“The trial lasted the best part of six weeks and required the court to go through health and safety issues around the use and operation of different types of equipment. For those who don’t work in that sector that’s a lot to get your head around. Even at the end of that it was very difficult to grasp the fundamentals.

“So that’s not the most efficient use of the court’s or the jury’s time. It doesn’t necessarily mean you’re getting to the heart of issues and sometimes even reaching the correct verdicts,” he says.

Wright adds that the use of technology such as virtual reality in these cases could be a “massive, massive enabler” in helping get to the right outcome and to use time more efficiently.

“A trial that could be lasting three to four weeks could instead last around two weeks. So then, the saving then to the public purse becomes significant,” Wright added. 

Cost savings

According to a BBC article on the project, the headsets that could potentially be used would cost around £700. This doesn’t include the cost of training or recording equipment; but Wright still thinks “the trade off could be quite significant”.

“Once you start seeing the saving in terms of time that would then becoming the motivating factor. There be further savings around the CPS retaining or developing its own specialist team who go to a scene at the same time as the police to take recordings of the scene for use in a VR environment.

“To do this you would have to be confident in the skills of people doing it to know you’ll then get a fully worked construct you can use.”

‘It could happen quite quickly’

While it’s perhaps difficult to imagine a profession so steeped in tradition as adopting technology such as VR on a rapid scale, Wright says this isn’t as farfetched as it sounds.

“I think it’s also important to bear in mind this is probably the future. Okay, it might not happen as a result of this study but it could happen within a relatively quick space of time.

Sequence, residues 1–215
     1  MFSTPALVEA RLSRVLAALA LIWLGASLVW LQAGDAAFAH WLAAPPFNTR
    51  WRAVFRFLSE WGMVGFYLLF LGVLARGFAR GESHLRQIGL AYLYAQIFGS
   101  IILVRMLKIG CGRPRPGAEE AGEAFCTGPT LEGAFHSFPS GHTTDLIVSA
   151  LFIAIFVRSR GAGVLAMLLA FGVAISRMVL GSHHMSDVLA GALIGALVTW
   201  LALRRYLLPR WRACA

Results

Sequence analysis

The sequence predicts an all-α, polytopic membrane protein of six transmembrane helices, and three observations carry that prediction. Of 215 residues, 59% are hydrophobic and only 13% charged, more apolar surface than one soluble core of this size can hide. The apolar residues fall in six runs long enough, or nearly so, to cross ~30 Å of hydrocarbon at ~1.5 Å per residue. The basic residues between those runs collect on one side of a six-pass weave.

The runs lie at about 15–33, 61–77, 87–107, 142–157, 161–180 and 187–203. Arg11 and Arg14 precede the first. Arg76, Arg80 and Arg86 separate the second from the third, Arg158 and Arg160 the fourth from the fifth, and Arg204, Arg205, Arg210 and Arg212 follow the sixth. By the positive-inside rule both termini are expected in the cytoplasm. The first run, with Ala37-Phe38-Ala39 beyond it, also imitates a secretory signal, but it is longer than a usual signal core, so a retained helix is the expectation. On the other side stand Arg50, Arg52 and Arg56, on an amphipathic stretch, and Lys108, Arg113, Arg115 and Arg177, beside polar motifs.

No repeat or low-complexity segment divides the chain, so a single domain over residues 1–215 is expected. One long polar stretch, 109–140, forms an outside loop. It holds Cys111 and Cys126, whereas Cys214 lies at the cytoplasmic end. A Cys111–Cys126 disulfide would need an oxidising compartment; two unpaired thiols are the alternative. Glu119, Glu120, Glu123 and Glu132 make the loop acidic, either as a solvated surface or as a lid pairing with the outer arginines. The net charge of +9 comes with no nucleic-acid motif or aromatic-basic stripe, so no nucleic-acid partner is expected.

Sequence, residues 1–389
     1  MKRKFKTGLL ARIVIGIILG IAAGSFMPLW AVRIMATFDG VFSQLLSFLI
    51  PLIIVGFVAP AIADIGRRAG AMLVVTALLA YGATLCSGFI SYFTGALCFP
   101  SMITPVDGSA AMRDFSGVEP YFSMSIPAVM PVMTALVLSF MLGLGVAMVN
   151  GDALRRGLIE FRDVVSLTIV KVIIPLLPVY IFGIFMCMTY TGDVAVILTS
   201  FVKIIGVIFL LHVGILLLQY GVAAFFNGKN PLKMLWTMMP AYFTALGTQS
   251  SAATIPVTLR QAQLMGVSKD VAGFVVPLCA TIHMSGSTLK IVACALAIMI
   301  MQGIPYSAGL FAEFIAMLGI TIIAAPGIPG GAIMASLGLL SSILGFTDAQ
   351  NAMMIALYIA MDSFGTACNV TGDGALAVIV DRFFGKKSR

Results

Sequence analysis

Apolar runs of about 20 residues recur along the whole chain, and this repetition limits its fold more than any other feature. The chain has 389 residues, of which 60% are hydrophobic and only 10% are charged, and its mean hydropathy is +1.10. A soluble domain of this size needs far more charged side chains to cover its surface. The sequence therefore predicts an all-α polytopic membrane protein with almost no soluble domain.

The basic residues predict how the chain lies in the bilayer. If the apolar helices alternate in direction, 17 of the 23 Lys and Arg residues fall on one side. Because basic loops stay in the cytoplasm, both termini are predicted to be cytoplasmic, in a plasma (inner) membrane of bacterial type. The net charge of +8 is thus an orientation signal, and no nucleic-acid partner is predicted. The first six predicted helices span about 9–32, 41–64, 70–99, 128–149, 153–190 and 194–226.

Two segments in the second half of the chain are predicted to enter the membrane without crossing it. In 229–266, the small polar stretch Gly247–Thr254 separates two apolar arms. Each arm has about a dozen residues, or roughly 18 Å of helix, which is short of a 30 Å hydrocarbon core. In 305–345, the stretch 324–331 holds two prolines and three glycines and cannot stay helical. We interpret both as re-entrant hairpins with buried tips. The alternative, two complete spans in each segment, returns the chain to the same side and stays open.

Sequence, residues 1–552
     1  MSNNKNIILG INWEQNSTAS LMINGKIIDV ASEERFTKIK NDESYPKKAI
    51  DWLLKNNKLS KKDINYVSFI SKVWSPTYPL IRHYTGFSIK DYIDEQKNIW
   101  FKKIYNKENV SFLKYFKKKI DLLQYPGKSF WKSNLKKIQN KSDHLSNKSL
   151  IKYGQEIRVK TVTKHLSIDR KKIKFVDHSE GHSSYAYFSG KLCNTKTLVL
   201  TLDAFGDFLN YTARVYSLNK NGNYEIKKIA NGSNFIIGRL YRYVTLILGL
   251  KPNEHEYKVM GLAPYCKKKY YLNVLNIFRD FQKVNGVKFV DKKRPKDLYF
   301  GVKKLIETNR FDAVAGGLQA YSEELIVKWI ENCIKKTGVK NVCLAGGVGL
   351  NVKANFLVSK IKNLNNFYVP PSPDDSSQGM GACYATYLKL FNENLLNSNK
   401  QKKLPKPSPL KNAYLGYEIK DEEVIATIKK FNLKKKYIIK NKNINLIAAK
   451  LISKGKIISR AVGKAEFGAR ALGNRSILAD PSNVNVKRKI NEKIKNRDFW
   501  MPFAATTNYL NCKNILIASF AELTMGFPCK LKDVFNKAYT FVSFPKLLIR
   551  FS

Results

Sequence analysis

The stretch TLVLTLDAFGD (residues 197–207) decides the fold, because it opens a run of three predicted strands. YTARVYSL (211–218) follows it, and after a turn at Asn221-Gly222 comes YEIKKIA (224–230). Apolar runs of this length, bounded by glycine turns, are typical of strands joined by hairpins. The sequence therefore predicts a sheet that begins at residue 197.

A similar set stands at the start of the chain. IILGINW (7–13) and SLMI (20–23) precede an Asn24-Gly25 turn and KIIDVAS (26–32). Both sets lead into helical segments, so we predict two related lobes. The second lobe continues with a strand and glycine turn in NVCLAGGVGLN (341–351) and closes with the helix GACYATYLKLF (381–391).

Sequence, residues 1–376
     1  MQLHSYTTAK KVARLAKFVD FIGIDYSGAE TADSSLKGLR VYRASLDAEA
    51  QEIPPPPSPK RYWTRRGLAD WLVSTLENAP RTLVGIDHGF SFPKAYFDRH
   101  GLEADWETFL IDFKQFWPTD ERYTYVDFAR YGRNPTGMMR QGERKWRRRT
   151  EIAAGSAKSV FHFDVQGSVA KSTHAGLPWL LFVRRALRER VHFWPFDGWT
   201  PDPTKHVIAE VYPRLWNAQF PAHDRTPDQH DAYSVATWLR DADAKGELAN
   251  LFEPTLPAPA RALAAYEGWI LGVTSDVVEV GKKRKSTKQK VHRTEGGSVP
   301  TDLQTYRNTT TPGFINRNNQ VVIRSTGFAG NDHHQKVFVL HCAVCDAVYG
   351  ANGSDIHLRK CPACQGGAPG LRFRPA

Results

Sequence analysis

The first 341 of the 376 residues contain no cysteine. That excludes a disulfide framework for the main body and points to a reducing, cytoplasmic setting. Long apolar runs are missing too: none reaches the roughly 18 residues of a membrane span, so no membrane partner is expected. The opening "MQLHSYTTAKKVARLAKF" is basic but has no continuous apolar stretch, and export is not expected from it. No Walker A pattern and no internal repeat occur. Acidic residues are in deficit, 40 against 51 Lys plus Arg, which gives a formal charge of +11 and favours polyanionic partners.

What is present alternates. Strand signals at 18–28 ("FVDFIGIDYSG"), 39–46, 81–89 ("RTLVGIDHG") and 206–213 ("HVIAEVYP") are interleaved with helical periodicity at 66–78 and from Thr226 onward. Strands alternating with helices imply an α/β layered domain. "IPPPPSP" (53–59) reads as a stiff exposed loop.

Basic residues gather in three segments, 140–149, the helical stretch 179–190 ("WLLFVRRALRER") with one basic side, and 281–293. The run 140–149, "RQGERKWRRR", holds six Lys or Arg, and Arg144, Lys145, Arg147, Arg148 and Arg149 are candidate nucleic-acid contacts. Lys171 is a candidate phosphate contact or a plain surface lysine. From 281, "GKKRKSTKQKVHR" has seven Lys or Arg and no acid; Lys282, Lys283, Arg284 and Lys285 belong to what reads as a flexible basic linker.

“For example In 2016, you could write an article about 20 years ago and how everyone thought it was crazy how email could be used in law firms and for exchanging evidence between courts, when within less than a 10 year period it became the norm,” Wright surmised.

Accuracy is important

Using VR to aid or replace the “barrage of evidence” in courtrooms when explaining, for example, how a car crash happened means it’s crucial this would have to be incredibly accurate – particularly in the case of reconstructions.

“It would only take something to be inaccurate by a couple of millimetres and that could have a huge impact in some cases,” Wright says. As mentioned above, Dr Coll has saidthe project will be working on ensuring its data is of very high standard.

An online courtroom

In addition, Wright notes British courts are going through a change at the moment. There’s currently a consultation ongoing in relation to civil courts, which is looking at the concept of online courtrooms. The basis for this, Wright explains, is that you would be able to have all claims below £25,000 in value taking place on “an online forum of some sort”, where potentially the entire hearing would take place online.

However, public sector IT projects don’t always have the best reputation and can sometimes end up costing far more in time and money than first predicted. Other issues to having everything online includes assuming everyone is IT literate and has access to devices, as well as being comfortable using tech for such serious issues and having a full time power supply and good internet, Wright says.

But he adds virtual reality might actually fit into this new-world online landscape and could have the same savings “in terms of being able to describe the satisfaction of both parties using a VR model”.

So the verdict is that VR could work in explaining complex concepts to jurors, as well as fitting into the UK court’s move toward a more online world. It could save time, money and effort and in fact be adopted quite quickly if the Crown Prosecution Service sees enough savings.

But for now, we’ll be watching the University of Staffordshire’s project with interest.